The idea of using students’ native culture in the English as a Foreign Language (EFL) or English as a second language (ESL) classroom is not new. The topic has been researched and the benefits identified. One of the primary reasons the use of native culture is beneficial in the EFL/ESL classroom comes from schema theory research. Studies have shown that students’ comprehension and retention of target language material is improved when familiar cultural contexts are used in the classroom (Post and Rathet, 1996). If a goal of learning a language is improved cultural understanding, than the question may be asked, why should this not extend to a cultural understanding of one’s native culture and heritage? As Rebecca Chism (2005) stated, the “goal in a language classroom is intercultural understanding, not only the understanding of another culture but of one’s own culture as well (p. 2).” Chism’s study of the inclusion of Chinese culture in English language classrooms in Taiwan pointed out that the vast majority of textbooks being utilized in the local classrooms were focused on American or world culture and cultural constructs. This resulted in a situation where Taiwanese students were comfortable and able to discuss American and world culture but had not learned the vocabulary or enough background to dialogue on their own culture (Chism, 2005, p. 2). The same situation can apply to students from a variety of cultural and heritage backgrounds (Dougherty and Dougherty, 2006). What this presentation will do is introduce three projects that have been undertaken to encourage EFL students to explore their own heritage. They are applicable to any teaching environment from primary to adult, and have been used in both EFL and ESL settings.


Prof. Patrick Dougherty, Ed.D.
Patrick Dougherty holds a Doctorate in Education from Northern Arizona University. He is currently a professor of International Liberal Arts and Director of the English for Academic Purposes Program and Foreign Language Education at Akita International University in Japan. He is also the Chair of Publications for Teachers Helping Teachers and the President of the Akita Chapter of JALT.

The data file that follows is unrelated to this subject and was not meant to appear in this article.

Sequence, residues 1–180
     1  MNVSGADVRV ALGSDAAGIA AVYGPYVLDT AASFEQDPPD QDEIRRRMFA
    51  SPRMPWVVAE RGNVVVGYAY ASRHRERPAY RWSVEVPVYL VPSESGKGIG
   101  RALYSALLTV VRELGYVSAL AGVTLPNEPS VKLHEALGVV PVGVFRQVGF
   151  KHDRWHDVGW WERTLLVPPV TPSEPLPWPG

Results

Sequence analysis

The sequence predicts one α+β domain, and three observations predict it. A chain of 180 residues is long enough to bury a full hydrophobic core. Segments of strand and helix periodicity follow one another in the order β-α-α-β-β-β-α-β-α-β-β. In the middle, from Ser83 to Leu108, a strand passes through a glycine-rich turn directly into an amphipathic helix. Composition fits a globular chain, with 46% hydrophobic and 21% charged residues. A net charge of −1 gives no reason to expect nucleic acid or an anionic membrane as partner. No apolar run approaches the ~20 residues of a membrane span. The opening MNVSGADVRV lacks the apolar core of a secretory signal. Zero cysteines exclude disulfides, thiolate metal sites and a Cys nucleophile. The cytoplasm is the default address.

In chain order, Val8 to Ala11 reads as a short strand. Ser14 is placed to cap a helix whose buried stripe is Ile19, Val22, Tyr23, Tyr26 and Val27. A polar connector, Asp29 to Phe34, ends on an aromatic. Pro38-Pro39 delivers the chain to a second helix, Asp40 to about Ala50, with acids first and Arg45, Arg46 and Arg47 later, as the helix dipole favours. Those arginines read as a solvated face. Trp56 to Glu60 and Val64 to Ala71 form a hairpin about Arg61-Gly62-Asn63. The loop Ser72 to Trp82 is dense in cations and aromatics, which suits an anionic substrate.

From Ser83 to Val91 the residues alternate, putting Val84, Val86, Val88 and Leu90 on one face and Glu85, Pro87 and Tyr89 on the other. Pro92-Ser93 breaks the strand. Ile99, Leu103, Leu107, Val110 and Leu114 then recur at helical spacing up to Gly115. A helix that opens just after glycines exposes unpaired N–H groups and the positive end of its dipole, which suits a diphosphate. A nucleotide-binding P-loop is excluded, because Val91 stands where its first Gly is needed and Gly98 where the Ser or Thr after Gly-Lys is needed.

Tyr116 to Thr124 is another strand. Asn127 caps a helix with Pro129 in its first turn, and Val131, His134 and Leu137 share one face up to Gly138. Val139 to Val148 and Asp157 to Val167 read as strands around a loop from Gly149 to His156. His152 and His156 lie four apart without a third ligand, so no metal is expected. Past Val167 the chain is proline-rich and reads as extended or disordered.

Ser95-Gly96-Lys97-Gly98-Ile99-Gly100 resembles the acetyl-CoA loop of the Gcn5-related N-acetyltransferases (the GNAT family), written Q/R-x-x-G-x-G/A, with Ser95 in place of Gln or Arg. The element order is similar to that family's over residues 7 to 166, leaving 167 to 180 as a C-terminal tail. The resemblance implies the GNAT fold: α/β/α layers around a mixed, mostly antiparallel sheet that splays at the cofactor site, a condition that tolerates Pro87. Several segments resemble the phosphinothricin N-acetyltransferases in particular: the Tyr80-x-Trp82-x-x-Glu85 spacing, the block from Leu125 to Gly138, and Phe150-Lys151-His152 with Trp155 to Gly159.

Prior to that he lived and worked in the United Arab Emirates (UAE) where his last post was as Chair of Graduate Programs in Education for the Higher Colleges of Technology. While serving in that capacity, he worked with colleagues to create a tele-presence supported distributed course delivery (TSDCD) system to allow students in remote locations to participate in degree programs. Additionally, he served as the editor for two volumes of a book series he began entitled, Perspectives from Experience: Education in the United Arab Emirates. These volumes were an effort to bring research from Emirati and UAE-based education professionals to the attention of the world-wide academic community.

His own research interests are in teacher training and development, the uses of creative writing and student heritage in the language classroom, and the impact of distance learning modalities on pedagogy. Lastly, Prof. Dougherty has worked in education for twenty-eight years. He spent fourteen of them as a high school supervisor and teacher in the United States and Japan prior to moving into higher education. He has taught and served as an administrator at universities in the United States, Japan, Bangladesh, and the United Arab Emirates.